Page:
The $1 billion an audit found the Virginia Department of Transportation is sitting on is akin to hitting the lottery jackpot for Gov. Bob McDonnell.
Casting about for ways to upgrade the state's sclerotic, deteriorating roads while adhering to his pledge not to raise taxes, McDonnell has focused on privatizing the state's liquor stores, which he hopes will fetch at least $458 million for a "transportation infrastructure bank."
But the independent VDOT audit he ordered, over the objection of Senate Democrats, turned up twice that amount: $400 million in construction and maintenance accounts and $654 million in unallocated federal funds.
The reserves grew from $8 million in 2005 to $529 million in 2010, a level McDonnell said was "unrealistic."
The auditors recommended keeping a $200 million reserve, about two months' worth.
The 150-page audit makes more than 50 recommendations, including faster approval of less complicated projects, better communication between agency offices and more expeditious hiring of consultants.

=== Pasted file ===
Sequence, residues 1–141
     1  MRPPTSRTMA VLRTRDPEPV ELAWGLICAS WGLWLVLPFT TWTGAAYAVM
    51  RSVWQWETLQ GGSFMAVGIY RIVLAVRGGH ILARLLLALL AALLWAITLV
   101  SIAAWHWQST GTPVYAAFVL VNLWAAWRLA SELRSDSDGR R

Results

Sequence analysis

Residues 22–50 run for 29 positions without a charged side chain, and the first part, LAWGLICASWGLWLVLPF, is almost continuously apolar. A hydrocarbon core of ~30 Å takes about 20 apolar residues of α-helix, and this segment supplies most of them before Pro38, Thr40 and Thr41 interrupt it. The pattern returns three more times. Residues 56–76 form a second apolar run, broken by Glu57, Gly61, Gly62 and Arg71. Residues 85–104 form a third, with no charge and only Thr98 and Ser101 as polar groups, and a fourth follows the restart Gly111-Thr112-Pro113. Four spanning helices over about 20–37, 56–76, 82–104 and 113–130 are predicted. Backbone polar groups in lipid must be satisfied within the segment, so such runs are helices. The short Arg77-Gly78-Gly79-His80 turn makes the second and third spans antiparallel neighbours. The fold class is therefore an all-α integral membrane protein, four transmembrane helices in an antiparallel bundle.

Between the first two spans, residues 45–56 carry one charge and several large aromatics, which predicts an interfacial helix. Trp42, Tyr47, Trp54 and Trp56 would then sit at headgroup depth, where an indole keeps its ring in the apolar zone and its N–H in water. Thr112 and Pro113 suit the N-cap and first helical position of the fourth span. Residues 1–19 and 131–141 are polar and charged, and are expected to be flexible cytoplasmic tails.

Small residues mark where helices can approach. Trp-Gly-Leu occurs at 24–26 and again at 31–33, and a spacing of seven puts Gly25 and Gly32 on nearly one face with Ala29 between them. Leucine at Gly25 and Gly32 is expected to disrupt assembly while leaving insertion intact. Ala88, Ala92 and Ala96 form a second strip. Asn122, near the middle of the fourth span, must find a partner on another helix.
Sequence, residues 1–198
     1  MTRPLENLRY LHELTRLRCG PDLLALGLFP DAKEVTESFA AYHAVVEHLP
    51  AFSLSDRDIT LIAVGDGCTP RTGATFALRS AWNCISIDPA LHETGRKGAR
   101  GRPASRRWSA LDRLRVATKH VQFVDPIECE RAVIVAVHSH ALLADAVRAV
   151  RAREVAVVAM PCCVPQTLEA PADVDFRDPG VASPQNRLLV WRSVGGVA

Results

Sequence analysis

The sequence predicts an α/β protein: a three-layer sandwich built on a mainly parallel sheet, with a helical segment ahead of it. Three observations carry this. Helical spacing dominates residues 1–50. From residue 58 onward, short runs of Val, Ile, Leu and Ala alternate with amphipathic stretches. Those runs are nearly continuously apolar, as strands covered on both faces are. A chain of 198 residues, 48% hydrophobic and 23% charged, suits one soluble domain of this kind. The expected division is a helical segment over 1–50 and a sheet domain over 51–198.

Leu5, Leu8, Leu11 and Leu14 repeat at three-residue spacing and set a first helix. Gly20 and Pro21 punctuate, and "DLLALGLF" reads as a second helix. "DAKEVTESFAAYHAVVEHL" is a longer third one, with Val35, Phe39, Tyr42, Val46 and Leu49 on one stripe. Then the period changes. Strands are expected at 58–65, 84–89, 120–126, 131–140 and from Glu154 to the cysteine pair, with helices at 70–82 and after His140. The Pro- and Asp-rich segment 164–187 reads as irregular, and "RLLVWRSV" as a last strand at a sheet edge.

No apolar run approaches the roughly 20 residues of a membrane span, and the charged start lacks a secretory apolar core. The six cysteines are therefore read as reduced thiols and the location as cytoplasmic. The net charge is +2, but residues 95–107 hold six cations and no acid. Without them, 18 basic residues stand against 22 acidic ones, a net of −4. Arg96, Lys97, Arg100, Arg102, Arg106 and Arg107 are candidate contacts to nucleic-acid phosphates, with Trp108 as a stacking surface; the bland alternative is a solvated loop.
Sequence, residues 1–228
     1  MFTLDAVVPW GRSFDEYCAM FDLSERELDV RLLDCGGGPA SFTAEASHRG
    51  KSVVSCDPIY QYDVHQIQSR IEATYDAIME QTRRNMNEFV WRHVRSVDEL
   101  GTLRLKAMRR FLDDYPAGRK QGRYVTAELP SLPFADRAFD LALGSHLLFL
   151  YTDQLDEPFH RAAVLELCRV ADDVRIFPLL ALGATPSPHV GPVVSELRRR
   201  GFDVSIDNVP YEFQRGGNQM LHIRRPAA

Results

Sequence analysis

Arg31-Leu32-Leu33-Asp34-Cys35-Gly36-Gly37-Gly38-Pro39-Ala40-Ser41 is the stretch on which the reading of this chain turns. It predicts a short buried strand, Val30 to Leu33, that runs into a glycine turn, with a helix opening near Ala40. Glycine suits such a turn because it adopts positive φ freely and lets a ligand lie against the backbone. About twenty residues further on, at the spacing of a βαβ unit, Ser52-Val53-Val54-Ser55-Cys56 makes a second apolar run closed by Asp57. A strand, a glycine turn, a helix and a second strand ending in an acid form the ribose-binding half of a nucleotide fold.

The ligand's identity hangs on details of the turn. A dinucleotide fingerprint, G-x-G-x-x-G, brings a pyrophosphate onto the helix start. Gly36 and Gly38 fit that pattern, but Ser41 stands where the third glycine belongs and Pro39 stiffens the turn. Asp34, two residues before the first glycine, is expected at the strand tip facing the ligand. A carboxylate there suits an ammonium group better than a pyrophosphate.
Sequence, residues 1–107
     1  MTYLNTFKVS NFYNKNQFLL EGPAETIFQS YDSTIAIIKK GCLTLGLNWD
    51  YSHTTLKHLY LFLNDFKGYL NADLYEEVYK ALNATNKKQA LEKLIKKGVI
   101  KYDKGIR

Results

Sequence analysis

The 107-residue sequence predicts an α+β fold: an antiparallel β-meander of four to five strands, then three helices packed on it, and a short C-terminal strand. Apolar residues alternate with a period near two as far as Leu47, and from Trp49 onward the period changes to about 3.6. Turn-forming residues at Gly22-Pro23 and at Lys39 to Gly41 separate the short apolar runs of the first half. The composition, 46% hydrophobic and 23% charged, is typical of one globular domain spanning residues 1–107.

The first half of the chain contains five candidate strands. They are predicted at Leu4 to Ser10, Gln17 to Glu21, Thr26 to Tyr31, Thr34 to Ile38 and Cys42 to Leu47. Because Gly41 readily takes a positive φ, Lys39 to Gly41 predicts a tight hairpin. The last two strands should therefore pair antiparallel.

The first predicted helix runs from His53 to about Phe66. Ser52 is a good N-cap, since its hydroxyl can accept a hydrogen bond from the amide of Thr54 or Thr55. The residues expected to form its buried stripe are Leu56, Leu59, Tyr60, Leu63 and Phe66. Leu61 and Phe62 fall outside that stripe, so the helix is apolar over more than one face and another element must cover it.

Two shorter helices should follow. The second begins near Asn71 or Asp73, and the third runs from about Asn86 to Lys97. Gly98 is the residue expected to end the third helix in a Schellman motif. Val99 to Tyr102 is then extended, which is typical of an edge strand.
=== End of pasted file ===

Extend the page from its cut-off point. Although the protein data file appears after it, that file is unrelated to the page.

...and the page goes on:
It also found that the state was also slow to use the Obama administration's stimulus money although most of it is targeted for worthwhile long-range projects.
Although the audit was critical of former Gov. Timothy M. Kaine, he managed to find a silver lining in the report, praising his administration's "tight-fisted management and sharp reduction in overhead [that put] cash in the bank to pay for projects ... as they are built."
Yet the $9 million in savings Kaine achieved by closing 19 interstate rest areas seems minuscule and fatuous when VDOT had much larger sums lying around.
The windfall is a welcome infusion of much-needed capital, and the prospect of better, more nimble VDOT management is encouraging.
At best, though, both are only small steps toward solving the state's gaping, long-term transportation needs.